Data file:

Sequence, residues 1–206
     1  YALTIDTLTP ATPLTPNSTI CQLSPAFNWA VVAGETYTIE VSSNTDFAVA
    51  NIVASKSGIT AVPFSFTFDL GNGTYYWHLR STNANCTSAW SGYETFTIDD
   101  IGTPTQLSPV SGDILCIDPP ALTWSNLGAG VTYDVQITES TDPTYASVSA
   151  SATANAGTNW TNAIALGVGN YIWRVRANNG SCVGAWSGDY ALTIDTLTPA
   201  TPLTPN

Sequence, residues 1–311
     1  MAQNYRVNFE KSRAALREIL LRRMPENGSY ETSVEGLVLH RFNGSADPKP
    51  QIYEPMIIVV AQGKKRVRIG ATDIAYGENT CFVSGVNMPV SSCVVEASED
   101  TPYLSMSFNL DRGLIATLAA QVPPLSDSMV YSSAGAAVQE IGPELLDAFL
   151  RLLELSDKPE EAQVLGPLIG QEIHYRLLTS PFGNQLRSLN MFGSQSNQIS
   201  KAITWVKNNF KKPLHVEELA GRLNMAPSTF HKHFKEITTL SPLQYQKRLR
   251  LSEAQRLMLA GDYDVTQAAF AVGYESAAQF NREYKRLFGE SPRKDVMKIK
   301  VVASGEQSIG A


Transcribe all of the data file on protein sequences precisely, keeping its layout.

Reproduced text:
Sequence, residues 1–206
     1  YALTIDTLTP ATPLTPNSTI CQLSPAFNWA VVAGETYTIE VSSNTDFAVA
    51  NIVASKSGIT AVPFSFTFDL GNGTYYWHLR STNANCTSAW SGYETFTIDD
   101  IGTPTQLSPV SGDILCIDPP ALTWSNLGAG VTYDVQITES TDPTYASVSA
   151  SATANAGTNW TNAIALGVGN YIWRVRANNG SCVGAWSGDY ALTIDTLTPA
   201  TPLTPN

Sequence, residues 1–311
     1  MAQNYRVNFE KSRAALREIL LRRMPENGSY ETSVEGLVLH RFNGSADPKP
    51  QIYEPMIIVV AQGKKRVRIG ATDIAYGENT CFVSGVNMPV SSCVVEASED
   101  TPYLSMSFNL DRGLIATLAA QVPPLSDSMV YSSAGAAVQE IGPELLDAFL
   151  RLLELSDKPE EAQVLGPLIG QEIHYRLLTS PFGNQLRSLN MFGSQSNQIS
   201  KAITWVKNNF KKPLHVEELA GRLNMAPSTF HKHFKEITTL SPLQYQKRLR
   251  LSEAQRLMLA GDYDVTQAAF AVGYESAAQF NREYKRLFGE SPRKDVMKIK
   301  VVASGEQSIG A